With a four-point lead early in the third quarter at Stanford on Oct. 22, the Colorado football team was knocking on the door of the end zone.
The Buffaloes had second-and-goal from the Stanford 3-yard line, and called a play that was designed for quarterback Sefo Liufau to fake the handoff to running back Phillip Lindsay and, on the play-action, turn to toss the ball into the end zone to tight end George Frazier.
Frazier, who doesn't have a catch all season, was wide open. Unfortunately for the Buffs, they didn't block Stanford linebacker Joey Alfieri, who sprinted untouched into the CU backfield and slammed Liufau to the ground before he could even look for Frazier.
"We were hoping they'd come tight to the line and bite on the fake a little bit more than they did," CU co-offensive coordinator Brian Lindgren said. "They kind of got us on that one."
Two plays later, the Buffs (6-2, 4-1 Pac-12) settled for a field goal attempt, which failed. It was a rare empty trip to the red zone for CU, but the past two weeks have been more of a struggle in that area of the field.
"We felt like we've left some points out there, definitely," Lindgren said.
Six games into the season, the Buffs scored on 92.6 percent of their red-zone trips, with touchdowns on 70.4 percent of those. During the past two games, the Buffs have scored just 72.4 percent of the time (eight-of-11), with only 45.5 percent of those going to the end zone.
"We've got to be able to finish drives and we talk about that all the time," Lindgren said.
On another possession against Stanford, the Buffs had a touchdown wiped out because of an offensive pass interference call. That possession also resulted in a missed field goal.
In all, three missed field goals in the red zone over the past two weeks haven't helped, but on six of their 11 trips to the red zone, they've had to call upon their kickers.
"It's important to go out there and put points on the board, especially touchdowns," Liufau said. "If you want to beat good teams, you're going to want to put up touchdowns and not just field goals."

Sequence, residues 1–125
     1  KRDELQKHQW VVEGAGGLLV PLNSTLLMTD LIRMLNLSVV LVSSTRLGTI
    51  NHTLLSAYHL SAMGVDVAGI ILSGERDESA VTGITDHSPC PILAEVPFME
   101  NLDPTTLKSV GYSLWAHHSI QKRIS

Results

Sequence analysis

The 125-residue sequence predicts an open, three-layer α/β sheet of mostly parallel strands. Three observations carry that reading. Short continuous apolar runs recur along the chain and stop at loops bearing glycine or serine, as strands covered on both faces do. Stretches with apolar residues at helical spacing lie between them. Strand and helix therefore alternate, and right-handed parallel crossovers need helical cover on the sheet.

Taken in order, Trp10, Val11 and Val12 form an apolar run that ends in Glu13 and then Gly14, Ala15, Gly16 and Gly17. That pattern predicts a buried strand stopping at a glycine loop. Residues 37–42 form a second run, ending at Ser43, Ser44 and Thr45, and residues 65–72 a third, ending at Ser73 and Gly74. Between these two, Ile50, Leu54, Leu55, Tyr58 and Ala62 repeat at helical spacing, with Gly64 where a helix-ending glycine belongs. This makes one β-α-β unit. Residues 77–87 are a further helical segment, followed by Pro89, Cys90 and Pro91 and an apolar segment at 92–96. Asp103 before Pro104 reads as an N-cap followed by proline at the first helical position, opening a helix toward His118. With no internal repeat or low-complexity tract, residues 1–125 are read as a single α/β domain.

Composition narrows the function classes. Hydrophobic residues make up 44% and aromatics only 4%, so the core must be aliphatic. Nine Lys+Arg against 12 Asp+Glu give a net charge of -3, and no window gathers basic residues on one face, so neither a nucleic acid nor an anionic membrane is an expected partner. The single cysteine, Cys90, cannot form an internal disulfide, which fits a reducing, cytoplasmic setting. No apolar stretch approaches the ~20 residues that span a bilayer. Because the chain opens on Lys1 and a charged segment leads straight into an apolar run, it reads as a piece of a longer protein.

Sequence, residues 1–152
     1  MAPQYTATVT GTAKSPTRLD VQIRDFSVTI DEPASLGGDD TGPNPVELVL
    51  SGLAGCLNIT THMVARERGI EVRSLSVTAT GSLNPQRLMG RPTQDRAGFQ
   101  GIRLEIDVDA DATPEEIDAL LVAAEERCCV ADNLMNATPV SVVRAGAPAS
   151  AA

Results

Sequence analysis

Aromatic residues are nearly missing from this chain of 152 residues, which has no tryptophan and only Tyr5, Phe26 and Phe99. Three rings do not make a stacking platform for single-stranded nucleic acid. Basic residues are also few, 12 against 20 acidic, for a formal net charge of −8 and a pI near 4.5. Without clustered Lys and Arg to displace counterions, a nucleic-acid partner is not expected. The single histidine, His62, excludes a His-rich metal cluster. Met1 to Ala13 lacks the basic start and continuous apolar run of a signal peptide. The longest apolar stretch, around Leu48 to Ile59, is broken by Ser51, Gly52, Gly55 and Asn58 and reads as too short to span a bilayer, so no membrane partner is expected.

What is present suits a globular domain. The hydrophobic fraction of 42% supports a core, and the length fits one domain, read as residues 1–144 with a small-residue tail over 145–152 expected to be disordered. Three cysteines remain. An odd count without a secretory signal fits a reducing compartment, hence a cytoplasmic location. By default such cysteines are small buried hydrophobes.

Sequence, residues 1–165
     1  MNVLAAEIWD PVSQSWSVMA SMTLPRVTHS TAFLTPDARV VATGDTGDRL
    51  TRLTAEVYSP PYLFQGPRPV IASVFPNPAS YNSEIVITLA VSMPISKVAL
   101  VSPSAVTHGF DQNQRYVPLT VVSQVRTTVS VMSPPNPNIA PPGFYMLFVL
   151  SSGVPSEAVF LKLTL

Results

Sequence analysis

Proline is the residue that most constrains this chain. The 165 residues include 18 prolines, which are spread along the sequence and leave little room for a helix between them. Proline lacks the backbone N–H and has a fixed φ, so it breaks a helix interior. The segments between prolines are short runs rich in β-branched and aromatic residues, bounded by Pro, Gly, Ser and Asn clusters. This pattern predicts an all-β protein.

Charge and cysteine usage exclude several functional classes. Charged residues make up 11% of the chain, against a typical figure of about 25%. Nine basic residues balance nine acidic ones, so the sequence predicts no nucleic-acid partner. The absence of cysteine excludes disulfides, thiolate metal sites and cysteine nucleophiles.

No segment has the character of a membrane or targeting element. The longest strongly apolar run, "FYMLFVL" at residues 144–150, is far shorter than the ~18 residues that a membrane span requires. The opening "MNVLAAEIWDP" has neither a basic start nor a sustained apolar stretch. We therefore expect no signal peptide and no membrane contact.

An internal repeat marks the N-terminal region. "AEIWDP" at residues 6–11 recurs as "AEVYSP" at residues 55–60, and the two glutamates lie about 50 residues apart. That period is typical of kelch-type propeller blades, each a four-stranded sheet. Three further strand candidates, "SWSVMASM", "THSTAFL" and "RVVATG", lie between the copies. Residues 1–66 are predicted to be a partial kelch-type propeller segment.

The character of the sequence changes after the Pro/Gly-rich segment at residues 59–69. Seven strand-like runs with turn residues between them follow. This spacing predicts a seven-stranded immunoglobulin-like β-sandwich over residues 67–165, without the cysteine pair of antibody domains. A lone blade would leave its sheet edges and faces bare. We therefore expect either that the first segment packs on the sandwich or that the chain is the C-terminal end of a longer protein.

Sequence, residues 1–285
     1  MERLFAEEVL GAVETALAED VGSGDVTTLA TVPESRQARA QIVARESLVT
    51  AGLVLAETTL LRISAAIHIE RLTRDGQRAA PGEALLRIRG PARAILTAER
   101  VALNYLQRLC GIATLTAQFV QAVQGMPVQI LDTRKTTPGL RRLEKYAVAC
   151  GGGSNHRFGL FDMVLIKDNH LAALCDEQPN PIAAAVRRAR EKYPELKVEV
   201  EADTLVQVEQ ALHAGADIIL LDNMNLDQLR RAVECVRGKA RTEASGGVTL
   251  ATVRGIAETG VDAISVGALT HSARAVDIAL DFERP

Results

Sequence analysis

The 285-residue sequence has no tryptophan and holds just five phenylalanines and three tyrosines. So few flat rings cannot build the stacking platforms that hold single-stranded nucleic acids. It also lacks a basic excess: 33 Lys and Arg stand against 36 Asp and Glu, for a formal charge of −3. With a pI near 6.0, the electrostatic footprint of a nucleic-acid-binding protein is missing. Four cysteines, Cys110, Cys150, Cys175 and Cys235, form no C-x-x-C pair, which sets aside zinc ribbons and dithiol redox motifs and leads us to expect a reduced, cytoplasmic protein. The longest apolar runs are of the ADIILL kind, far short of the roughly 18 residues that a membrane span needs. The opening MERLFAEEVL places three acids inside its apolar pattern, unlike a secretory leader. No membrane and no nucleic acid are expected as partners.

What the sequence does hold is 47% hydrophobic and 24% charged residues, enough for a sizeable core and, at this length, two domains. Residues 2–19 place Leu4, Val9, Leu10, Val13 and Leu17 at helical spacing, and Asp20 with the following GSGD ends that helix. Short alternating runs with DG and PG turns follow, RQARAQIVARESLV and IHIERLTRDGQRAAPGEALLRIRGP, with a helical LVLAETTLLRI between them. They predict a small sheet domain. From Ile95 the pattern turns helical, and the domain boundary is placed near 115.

With a bye this week, the Buffs are working on improving their red zone success rate.
"There's some things I think we'll clean up and some things that we could have done differently (against Stanford)," Lindgren said.
Of course, execution of the play can be better. Get a block against Stanford and Frazier might have hauled in an easy touchdown catch. Take out the penalty in the end zone and the Buffs could have had another score.
Getting the players in the right situation to score is also essential, and Lindgren said mixing up the play selection could help.
"Looking at it, especially with the team we have, you'd always like when you get down there to just be able to run it in," Lindgren said. "There's some times, looking at it, that we could be a little bit more aggressive throwing it, and giving our guys some opportunities to score from higher out, so you don't always get caught down inside the 10. Your play selection is so limited (inside the 10)."
Despite bogging down in the red zone the past two weeks, Lindgren said the Buffs are still confident on offense and ready to roll again in the final four games.
"I like where we're sitting," Lindgren said.
Tight end involvement
While Frazier was supposed to be the target on that third quarter play against Stanford, the Buffs have rarely used their tight end as receivers this season.
In fact, neither of the top two tight ends on the depth chart — senior Sean Irwin and Frazier — have a catch this season. Just three of CU's 170 catches this season have come from tight ends (one each for Chris Bounds, Dylan Keeney and Chris Hill).
Lindgren said the Buffs could possibly use Irwin and Frazier as receivers at some point, but that their skill as blockers has been valuable.
"I still think Sean and George, their biggest attribute is those guys are really strong, physical blockers and they have been really consistent in that way," Lindgren said. "We have things that get them the ball on play-actions and some things and just haven't gotten them called."
The Buffs also have a talented stable of wide receivers and running backs.
"There's only one football to go around," Lindgren said. "There's a lot of play-makers out there that we're trying to get involved."
During the first seven games, CU had 27 pass plays go for 20-plus yards (at least three in each game), but had none against Stanford. ... Shay Fields (563 yards), Devin Ross (491) and Bryce Bobo (468) are all on pace for at least 700 receiving yards. CU has never had a trio reach even the 600-yard mark in the same season. ... For the first time since 1976, the Buffs have had four different players attempt field goals this season.
Brian Howell: email@example.com, on Twitter: @BrianHowell33.